Over-ears typically put the weight on your head with the headband. This means the cups can be lighter, however I often find that after a while the top of your head can ache. With the AirPods Max, the weight is distributed across the headband to the point where I can barely feel it on my head at all. Even after hours upon hours, the AirPods Max still feel comfortable.
This certainly wasn’t something I expected as I was shocked at how heavy they were when taking them out of the box for the first time. At 385g, they are far heavier than the Sony WH-1000XM5 or Bose QC 45 and you can tell. There’s no IP rating so don’t expect them to fend off wet weather or wear them during exercise.
Connecting the two hefty metal cups to the headband are stainless steel telescoping arms that slide smoothly up and down with just enough friction to keep them stable. These are then covered in a mesh fabric not too dissimilar to the finish of the HomePod Mini. Like the cups, it looks quirky at first, but you’ll quickly get used to it and I wouldn’t be surprised to see an influx of similar-looking headphones.
The memory foam earcups are supremely comfortable as well, and don’t get sweaty after long listening periods like their leather counterparts. They also pop off easily (though stay in place thanks to magnets), so they can be washed or even replaced. Apple is selling replacement earcups for a rather staggering £75/$69. During my time with the AirPods Max the pads haven’t gotten dirty at all and still as good as they when I first took them out of the box.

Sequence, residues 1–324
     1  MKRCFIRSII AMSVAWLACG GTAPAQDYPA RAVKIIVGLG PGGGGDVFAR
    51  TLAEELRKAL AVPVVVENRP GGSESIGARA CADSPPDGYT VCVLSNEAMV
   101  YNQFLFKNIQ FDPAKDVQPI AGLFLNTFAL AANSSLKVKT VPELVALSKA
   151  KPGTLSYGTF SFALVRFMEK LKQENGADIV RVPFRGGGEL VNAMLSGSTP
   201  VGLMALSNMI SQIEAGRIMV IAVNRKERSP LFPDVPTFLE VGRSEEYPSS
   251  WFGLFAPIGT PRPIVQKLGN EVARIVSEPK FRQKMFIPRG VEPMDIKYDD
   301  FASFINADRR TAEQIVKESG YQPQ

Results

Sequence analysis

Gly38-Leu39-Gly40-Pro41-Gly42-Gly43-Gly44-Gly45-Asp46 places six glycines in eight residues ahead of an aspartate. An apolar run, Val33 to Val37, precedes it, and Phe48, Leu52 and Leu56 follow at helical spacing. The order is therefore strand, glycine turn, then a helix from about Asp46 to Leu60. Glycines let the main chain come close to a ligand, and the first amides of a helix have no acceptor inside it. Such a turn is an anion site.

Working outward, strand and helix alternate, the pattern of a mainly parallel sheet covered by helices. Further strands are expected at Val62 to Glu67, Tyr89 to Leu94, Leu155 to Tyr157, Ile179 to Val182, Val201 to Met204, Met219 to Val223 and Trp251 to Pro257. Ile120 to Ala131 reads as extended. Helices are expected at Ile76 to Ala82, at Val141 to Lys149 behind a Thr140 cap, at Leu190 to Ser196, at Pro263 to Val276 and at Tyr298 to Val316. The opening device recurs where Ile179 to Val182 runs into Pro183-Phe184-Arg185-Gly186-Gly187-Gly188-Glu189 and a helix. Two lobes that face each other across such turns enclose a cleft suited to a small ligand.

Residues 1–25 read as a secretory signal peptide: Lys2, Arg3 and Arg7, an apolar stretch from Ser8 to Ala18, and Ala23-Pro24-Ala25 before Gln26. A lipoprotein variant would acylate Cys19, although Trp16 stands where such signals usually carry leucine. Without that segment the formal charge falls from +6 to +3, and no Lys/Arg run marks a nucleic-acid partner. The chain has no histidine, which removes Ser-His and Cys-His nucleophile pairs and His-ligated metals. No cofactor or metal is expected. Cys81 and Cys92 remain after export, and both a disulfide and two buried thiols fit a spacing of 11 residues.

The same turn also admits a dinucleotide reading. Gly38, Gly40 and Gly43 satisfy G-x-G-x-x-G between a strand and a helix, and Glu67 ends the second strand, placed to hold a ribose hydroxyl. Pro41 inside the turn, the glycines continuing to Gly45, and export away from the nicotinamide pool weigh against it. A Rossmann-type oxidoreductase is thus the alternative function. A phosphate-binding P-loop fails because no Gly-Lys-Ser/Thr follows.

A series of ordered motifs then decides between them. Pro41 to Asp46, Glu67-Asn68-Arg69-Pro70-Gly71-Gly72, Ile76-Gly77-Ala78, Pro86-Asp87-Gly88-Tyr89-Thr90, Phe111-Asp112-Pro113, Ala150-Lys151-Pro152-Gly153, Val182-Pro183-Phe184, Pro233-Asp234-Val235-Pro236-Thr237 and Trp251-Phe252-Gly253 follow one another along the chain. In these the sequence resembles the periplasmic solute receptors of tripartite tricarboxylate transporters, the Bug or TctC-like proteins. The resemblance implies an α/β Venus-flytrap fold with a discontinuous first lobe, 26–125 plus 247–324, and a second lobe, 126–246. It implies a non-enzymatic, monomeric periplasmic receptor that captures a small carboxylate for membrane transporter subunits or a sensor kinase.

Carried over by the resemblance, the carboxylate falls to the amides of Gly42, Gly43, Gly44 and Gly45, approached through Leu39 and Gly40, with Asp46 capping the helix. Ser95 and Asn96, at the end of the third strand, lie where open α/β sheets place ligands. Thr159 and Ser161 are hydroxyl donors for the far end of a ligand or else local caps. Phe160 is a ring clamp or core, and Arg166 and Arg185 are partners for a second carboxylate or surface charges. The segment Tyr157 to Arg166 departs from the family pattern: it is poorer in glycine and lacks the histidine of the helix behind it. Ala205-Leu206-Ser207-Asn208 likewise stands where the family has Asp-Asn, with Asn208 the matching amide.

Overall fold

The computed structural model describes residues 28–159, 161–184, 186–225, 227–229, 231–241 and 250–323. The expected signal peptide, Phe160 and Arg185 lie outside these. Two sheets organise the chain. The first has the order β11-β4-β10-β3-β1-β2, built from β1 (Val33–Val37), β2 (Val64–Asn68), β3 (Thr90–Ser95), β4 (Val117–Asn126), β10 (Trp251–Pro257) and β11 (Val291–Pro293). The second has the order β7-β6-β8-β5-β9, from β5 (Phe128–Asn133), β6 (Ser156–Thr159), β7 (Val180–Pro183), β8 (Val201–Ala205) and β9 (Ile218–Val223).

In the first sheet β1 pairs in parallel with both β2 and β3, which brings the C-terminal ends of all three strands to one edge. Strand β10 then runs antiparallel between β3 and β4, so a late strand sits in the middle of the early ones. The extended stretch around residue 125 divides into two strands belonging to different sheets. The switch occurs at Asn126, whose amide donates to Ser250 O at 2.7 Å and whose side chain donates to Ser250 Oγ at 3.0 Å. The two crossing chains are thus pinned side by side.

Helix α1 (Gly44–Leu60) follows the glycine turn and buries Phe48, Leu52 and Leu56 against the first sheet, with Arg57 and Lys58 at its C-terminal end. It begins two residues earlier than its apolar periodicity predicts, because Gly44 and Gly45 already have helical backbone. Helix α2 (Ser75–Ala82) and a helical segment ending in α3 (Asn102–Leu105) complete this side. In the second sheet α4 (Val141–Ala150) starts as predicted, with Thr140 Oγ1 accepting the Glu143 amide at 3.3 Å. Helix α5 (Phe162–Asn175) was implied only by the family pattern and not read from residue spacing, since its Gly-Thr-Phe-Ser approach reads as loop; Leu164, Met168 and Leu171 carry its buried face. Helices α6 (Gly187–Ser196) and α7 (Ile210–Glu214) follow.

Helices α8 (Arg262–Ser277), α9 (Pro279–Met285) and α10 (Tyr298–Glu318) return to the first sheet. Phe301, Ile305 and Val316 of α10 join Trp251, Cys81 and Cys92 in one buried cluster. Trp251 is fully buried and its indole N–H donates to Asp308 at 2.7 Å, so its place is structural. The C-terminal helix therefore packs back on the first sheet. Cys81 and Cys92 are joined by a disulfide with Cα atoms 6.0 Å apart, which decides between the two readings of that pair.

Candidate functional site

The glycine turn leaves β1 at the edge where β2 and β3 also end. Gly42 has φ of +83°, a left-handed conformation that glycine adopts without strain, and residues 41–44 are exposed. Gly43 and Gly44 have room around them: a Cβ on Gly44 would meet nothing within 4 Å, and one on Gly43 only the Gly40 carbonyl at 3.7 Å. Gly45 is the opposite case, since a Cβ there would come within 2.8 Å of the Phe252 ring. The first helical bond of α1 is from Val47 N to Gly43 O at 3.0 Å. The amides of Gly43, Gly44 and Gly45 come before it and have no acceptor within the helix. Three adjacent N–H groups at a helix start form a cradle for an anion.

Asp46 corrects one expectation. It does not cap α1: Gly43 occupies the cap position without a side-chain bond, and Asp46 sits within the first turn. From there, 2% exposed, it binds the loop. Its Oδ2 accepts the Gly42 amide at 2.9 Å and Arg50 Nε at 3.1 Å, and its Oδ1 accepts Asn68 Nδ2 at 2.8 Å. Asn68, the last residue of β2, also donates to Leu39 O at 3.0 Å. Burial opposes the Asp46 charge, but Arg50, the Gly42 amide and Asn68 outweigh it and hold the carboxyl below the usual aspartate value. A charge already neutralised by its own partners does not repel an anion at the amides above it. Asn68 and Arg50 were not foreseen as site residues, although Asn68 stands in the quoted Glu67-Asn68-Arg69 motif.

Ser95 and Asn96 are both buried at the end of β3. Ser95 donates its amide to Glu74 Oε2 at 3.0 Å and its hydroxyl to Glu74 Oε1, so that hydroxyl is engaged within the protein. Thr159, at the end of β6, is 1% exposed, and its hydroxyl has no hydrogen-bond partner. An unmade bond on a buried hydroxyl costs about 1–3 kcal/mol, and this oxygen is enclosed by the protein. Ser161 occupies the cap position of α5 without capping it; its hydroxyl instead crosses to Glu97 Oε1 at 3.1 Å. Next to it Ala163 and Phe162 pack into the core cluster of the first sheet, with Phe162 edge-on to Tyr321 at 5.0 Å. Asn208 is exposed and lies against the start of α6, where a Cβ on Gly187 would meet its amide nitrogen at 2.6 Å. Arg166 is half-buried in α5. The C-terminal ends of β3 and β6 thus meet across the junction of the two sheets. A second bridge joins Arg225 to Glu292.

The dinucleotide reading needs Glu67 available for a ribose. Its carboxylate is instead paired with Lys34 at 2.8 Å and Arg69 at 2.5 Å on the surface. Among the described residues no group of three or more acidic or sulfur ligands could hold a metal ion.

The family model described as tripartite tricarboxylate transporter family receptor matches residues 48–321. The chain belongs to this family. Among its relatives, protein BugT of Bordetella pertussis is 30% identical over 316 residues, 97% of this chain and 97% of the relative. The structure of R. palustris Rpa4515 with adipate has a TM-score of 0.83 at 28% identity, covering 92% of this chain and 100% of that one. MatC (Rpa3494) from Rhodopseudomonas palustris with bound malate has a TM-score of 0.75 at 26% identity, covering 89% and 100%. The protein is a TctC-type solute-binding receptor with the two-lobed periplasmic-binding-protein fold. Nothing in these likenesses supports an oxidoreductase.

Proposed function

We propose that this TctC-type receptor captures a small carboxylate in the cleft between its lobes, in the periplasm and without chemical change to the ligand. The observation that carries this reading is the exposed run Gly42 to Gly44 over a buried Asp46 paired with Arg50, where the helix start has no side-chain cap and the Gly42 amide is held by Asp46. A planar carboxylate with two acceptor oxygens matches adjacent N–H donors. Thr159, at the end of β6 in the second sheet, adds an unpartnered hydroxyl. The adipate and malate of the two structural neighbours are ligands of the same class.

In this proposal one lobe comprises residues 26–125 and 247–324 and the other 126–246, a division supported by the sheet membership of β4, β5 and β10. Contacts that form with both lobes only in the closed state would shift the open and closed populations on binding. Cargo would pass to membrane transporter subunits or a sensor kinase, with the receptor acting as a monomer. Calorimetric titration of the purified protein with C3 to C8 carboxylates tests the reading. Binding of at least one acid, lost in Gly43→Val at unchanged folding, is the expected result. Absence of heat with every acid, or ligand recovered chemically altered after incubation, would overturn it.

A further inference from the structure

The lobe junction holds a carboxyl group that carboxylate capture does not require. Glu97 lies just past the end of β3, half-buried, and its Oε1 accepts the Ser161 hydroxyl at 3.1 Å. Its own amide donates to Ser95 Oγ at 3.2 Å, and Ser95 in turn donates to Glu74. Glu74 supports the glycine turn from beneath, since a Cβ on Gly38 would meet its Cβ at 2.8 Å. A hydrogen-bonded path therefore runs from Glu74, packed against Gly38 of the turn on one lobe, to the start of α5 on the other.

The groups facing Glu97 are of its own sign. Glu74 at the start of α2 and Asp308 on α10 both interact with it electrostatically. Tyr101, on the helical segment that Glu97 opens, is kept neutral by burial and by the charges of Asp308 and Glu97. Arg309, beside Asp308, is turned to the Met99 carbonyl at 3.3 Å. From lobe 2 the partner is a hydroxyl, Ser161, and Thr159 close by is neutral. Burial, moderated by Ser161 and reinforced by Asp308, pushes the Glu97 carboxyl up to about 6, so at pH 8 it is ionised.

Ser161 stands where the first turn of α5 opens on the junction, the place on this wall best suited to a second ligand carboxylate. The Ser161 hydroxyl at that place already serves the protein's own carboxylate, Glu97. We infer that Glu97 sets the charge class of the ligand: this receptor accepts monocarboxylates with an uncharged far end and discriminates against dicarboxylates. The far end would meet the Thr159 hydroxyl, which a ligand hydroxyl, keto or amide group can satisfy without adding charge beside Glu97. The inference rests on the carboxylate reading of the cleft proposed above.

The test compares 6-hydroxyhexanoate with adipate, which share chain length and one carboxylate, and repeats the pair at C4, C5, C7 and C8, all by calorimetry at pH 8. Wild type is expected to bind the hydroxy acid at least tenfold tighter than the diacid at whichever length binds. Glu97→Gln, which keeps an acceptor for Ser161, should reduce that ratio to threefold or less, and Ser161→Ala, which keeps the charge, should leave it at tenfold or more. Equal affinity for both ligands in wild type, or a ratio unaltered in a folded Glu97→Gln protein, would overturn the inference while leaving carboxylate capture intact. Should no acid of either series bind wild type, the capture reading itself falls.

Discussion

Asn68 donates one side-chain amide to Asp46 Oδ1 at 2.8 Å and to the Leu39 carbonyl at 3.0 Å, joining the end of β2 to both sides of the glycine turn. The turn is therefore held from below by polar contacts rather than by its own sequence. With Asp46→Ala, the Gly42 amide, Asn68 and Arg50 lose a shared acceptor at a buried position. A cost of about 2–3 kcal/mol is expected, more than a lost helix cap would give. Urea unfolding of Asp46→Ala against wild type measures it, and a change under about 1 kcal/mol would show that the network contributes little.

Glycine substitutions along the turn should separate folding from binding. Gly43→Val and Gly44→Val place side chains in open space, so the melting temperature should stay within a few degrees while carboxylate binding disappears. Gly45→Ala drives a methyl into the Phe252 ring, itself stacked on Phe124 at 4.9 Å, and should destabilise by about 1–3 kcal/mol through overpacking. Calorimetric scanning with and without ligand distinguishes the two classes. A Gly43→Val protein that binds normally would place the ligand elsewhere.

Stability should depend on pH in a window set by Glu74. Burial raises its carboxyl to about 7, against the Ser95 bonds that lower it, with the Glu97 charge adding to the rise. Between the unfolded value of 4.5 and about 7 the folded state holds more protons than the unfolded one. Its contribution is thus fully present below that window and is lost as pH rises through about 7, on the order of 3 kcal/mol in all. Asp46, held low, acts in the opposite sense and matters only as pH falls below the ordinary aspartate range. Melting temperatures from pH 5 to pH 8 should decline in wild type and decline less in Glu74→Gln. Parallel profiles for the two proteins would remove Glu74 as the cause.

Another design decision I really appreciate is the use of proper physical buttons rather than gesture swipes for skipping tracks, changing the volume and so on.
On the top of the right earcup there’s a larger version of the Apple Watch’s Digital Crown. Twisting this raises or lowers the volume, while pressing down play/pause and moves through tracks. It works tremendously well, and I always value that physical, precise feedback over swipes.
Next to the crown is a button for switching between active noise cancellation and Transparency modes. The latter lets in some background sound, so you’re not completely cut off. There’s also a Lightning port for charging and routing audio through a Lightning to 3.5mm adapter which, of course, is not included. If you want to listen with a wired connection you’ll need the £35/$35 audio adapter.
For a pair of headphones that cost this much, not including such a basic cable in the box seems even more ridiculous than not including a charger with a phone that costs over a grand. Alongside the AirPods Max I’ve tried the Twelve South AirFly Pro, which is a handy tool for connecting wireless-only cans like this to devices with a 3.5mm jack. It works well and is great for long distance travel.
If I did have one request for either the next model or a cheaper ‘Sport’ model, it would be for more portability. Not only are the AirPods Max quite heavy, but their design isn’t collapsible. Sony has followed this trend with its XM5s and it does mean they take up a lot more room in a bag.
Even worse is the meme-worthy ‘Smart Case’, which looks like a cross between a bra and a handbag. I might have said the AirPods Max themselves are some of Apple’s best design work as of late, but this case is right at the other end of the scale.